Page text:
Helping the poor, particularly homeless people, has caused a clash of values to surface in our lovely Ventura County. One wouldn’t think that helping someone would generate controversy, but it can and does. On one hand, some insist that if people were just more responsible, they wouldn’t be poor and they certainly would not be homeless. On the other hand some say that we should be a giving and kind community of Good Samaritans and not blame the poor for being poor. Yet we all agree that both responsibility and kindness are excellent virtues.

The conflict in a nutshell is seen in the terms “hand up” versus “hand out.”  

When I was recently asked the difference between the terms, I said that it has to do, first, with perspective and, second, with results.  By “perspective” I mean that depending on their political or religious perspective, two different people might describe the same act as a “hand up” or a “hand out.” By “results” I mean that if a person were somehow advanced toward a better life resulting from a given service, we would almost universally say the assistance was a “hand up.” If, on the other hand, the person did not move forward, we might claim the assistance provided was merely a “hand out” because there was no positive result.

At Community Action we have been helping people and changing lives in Ventura County for 50 years.  Our mission is to help people overcome poverty with advocacy, services and partnerships that promote dignity and self-sufficiency. True to our mission, we actually refuse to provide help in a way that diminishes a person’s dignity.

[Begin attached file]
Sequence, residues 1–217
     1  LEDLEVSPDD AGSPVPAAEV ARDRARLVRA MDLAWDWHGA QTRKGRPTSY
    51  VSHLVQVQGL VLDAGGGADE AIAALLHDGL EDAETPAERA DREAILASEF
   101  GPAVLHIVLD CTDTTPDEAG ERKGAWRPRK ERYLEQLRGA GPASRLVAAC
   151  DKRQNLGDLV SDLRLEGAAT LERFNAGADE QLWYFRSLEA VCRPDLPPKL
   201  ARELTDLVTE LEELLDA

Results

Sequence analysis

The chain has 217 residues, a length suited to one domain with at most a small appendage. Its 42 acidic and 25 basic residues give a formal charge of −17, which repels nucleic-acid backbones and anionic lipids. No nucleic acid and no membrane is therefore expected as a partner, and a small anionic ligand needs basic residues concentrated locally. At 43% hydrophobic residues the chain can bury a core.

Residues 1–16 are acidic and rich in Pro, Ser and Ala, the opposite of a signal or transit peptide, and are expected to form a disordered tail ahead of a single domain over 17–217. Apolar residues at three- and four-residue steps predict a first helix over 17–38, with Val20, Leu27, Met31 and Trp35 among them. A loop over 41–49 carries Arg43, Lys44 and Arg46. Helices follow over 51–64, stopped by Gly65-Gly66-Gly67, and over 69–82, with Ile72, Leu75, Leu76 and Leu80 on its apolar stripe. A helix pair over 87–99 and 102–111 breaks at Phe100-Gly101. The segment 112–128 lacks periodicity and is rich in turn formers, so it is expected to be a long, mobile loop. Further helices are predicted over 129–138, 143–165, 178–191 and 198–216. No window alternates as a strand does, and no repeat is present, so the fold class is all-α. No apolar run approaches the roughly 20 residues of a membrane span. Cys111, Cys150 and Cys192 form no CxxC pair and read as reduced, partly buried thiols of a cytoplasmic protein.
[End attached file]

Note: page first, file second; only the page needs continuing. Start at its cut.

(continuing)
Carrying out our mission day-to-day means that we will help people first survive poverty and then rise above it. Every day, we work with people at different stages of their path toward stability and self-reliance. The harsh reality is that survival comes first, even if others hold to the perspective that our initial help is a “hand out.”  

 
Across all of our services, we establish eligibility criteria and expected outcomes so that the community can, in good conscience, support what we do. Our objective is to provide support when required and to pave the way for self-sufficiency when possible. Self-sufficiency for some is just not possible; for those persons, we seek to find permanent supports so that they can live with dignity. Nothing is more satisfying than to provide a hand to someone and later to see them thriving.

Our community can actually have it both ways. We simply need to find balance. We need to be gentle enough that we do not lose our sense of caring, and we need to be firm enough that we do not foster irresponsibility.  

It is not easy. It will require patience. That’s a virtue, too.


Tim Hockett is Executive Director of Community Action of Ventura County. CAVC has entered its 50th year of helping people and changing lives in Ventura County. Find out more at www.ca-vc.org.